That was a big part of why I wrote the book and the passion in me is to inspire a narrative change. I believe my mother went through that period of being blocked and oppressed because there was purpose in her having me and there was the understanding that when I was a little girl in a crawlspace full of Barbies or when I was dancing out of a cardboard box, she understood not to oppress that. She understood not to speak against the ability of that and the power of that. If my mom had done that, there might not have been some of the biggest icons in the world without this little girl’s ability to have vision and create. So I think it is important that I get that message out to our young brown and Black, and our Caribbean girls and our families that are still a bit old-fashioned thinking that these kinds of gifts can’t pay you or it’s not a “real” job. Like any profession, when you’re really in your purpose and passionate to do it, it takes work. And I think that we’re coming out of those old stages and those old formulas. I mean, Kamala Harris is vice president. All Black women are capable of being present in all genres. And all gifts are legitimate in purpose to survive. It’s in my steps to learn how to embrace your gifts and take the journey when everybody else, including your family, doesn’t think it’s a “real” job. I included that relationship with my mother to inspire parents to understand that you may have a child whose greatness you may not understand, but you are encouraged to guide it, not oppress it.

You’re going to be on the Making the Band reboot but some of us remember that you were on the very first season of the franchise. What would you say are the differences between the first Band and the most recent?

I think it’s generational. The talent is amazing and I think we have to change the narrative of the process. It’s not overnight. This generation likes to take a title and put it on themselves after six months.

Your name has become synonymous with “boomkack,” which is really like a tool for dancers and choreographers to punctuate the count, right? So, have you trademarked it yet? Or are you looking into it?

We have, yes. I always wanted to be dance and I always wanted people to feel something when they thought of me. That’s what motivates me. So, Boomkack. It’s a feeling. It’s your heart and your soul connecting. It’s your “why.” Boomkack. When that “thing” is telling you that you can’t, it’s a feeling. It’s “fight back.” It’s you becoming the best version of yourself because sometimes you wake up and your thoughts are like, “I can’t do this. I’m fooling myself. She’s better than me.” And you just gotta be like, “Boomkack on that sh-t! What I’m gonna do is tell that thought to leave this arena immediately because it’s trying to take me down.” It’s the inspiration for changing the narrative. When I wake up and I’m like, “Oh my God… Why don’t people know what I am? Why is it so difficult for people to understand?” And I’m like, “Boomkack! I’m a just keep rolling. I’m a just keep pressing. Here we go. From the top! Back to the studio!” I talk to myself like that because I refuse to let that thought be the reason I didn’t chase my dreams.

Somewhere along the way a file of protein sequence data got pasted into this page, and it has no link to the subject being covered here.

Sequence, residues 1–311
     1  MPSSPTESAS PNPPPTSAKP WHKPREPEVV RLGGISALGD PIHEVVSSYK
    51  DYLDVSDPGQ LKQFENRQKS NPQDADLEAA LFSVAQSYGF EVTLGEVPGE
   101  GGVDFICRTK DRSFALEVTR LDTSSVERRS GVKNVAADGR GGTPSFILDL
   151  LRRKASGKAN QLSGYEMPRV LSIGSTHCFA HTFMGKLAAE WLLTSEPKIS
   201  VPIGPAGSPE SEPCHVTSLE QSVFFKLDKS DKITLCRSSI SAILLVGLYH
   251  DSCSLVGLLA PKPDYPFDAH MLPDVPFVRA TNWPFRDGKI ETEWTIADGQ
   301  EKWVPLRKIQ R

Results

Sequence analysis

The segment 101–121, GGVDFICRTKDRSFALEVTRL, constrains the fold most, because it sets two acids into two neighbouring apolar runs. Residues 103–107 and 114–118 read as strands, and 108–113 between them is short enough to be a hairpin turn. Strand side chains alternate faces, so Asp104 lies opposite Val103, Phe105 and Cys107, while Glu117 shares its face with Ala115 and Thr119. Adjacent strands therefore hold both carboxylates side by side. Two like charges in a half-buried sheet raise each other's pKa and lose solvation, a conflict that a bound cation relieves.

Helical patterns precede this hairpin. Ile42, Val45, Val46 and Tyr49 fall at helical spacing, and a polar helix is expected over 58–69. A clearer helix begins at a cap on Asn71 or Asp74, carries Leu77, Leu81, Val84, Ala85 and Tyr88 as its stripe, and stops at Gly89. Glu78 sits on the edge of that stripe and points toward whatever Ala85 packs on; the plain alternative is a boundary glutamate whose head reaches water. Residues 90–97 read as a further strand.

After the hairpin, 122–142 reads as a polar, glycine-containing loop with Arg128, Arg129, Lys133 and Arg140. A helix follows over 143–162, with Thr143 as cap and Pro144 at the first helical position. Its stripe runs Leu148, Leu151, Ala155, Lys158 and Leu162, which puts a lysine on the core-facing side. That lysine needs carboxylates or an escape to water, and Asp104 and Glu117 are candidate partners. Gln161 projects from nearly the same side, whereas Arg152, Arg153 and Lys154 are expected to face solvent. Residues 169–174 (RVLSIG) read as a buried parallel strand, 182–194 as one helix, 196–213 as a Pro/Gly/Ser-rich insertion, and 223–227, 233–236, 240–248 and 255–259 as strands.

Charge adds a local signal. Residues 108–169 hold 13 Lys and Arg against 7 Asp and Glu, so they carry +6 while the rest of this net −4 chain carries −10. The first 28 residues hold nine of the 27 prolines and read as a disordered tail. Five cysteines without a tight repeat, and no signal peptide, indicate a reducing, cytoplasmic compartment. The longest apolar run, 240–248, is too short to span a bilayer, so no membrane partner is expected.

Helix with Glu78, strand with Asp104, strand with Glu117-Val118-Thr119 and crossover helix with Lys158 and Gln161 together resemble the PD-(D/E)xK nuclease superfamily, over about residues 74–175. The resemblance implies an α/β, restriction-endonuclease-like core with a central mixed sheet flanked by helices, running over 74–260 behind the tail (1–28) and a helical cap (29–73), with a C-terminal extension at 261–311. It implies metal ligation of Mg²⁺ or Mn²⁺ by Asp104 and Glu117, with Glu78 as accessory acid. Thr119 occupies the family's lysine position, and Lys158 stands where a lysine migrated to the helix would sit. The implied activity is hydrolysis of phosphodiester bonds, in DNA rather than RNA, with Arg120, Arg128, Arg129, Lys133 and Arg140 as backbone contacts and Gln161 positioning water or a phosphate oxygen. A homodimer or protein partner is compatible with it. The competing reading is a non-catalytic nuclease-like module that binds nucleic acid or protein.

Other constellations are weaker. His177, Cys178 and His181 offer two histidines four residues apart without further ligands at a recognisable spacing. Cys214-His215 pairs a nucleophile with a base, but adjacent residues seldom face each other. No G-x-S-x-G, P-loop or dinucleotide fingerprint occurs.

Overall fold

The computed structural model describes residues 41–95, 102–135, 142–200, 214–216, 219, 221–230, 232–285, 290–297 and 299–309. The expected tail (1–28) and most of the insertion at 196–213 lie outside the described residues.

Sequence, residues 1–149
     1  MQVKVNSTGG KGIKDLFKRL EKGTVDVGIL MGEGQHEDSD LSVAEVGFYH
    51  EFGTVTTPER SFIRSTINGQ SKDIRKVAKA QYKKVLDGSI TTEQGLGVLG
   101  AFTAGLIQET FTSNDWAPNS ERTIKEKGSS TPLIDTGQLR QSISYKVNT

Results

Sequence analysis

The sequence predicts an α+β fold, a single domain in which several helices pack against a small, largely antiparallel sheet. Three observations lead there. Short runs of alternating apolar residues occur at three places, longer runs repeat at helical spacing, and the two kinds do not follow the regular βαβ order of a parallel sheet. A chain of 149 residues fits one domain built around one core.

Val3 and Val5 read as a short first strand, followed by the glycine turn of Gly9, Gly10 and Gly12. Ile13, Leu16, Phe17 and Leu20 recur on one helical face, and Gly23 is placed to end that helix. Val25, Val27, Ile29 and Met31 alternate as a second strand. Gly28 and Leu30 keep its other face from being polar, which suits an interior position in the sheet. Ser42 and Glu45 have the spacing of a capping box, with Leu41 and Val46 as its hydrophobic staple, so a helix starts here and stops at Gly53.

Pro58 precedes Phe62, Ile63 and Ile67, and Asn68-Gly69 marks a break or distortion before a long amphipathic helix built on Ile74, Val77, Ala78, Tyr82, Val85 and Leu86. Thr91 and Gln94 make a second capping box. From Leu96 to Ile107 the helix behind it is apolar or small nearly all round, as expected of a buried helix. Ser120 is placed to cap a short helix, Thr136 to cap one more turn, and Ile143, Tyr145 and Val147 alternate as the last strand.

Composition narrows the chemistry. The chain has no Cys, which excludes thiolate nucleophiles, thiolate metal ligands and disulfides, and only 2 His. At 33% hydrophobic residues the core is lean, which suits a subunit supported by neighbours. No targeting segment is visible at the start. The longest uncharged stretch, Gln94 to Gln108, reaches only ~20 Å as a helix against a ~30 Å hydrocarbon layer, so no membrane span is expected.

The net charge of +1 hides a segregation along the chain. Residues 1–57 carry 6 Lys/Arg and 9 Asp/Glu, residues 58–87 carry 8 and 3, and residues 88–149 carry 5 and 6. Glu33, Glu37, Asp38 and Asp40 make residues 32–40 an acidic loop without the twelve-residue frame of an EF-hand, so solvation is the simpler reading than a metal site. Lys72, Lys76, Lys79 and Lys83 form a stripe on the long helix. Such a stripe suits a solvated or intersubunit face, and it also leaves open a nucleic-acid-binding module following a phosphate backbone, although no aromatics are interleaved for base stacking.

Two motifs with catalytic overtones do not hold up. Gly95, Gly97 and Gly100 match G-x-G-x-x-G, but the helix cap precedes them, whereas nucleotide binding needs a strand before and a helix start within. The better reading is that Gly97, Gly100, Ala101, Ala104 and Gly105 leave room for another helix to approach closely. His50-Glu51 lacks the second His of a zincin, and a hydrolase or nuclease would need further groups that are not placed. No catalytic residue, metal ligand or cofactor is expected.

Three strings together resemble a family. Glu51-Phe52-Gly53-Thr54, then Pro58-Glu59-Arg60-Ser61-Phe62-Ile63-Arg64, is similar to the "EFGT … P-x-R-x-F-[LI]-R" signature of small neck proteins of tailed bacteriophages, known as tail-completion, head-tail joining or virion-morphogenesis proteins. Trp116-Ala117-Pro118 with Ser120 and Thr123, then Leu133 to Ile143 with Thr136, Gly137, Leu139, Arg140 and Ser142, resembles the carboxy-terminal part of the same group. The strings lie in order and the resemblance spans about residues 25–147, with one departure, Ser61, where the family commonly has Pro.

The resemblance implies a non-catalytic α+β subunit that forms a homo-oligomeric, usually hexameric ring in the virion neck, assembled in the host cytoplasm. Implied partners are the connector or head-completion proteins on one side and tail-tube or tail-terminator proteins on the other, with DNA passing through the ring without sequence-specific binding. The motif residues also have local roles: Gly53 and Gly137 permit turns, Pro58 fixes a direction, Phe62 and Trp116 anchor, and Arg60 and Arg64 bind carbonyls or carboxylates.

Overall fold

There’s so much that’s happened with you since Honey. Did you ever think about extending the film with another chapter?

Oh yeah! But I feel like Honey was the beginning of my career and the inspiration of my life. I’m excited because I just sold a scripted show that’s based on my life. There are a lot of elements as to why Honey should just be Honey. There’s more to come. And that’s like the book. When you can identify why no one may have known that I was the inspiration for this or that I choreographed it and it’s such a good movie, but it was just the beginning of my choreographic years and Jessica Alba wasn’t a dancer and it was so challenging, beyond comprehension. There was no social media so there was no outlet. I wanted to tell my story to inspire other Black girls that there’s a Black woman behind this whole movie — or behind this artist, this lead actress — who’s intimidating to her and to the movie, and so you’re kinda pushed to the side because “Oh. You’re not supposed to say that.” The actress is supposed to get all the credit but it’s not about credit. “It’s about survival. I need another job [laughs].” I think Honey’s great but because of that challenge I was able to endure, build and deepen my ability as a choreographer and now I will get the opportunity to do a show about my life and fill in the gaps and have it be bigger than ever.

Dance Your Dance: 8 Steps to Unleash Your Passion and Live Your Dream is available now.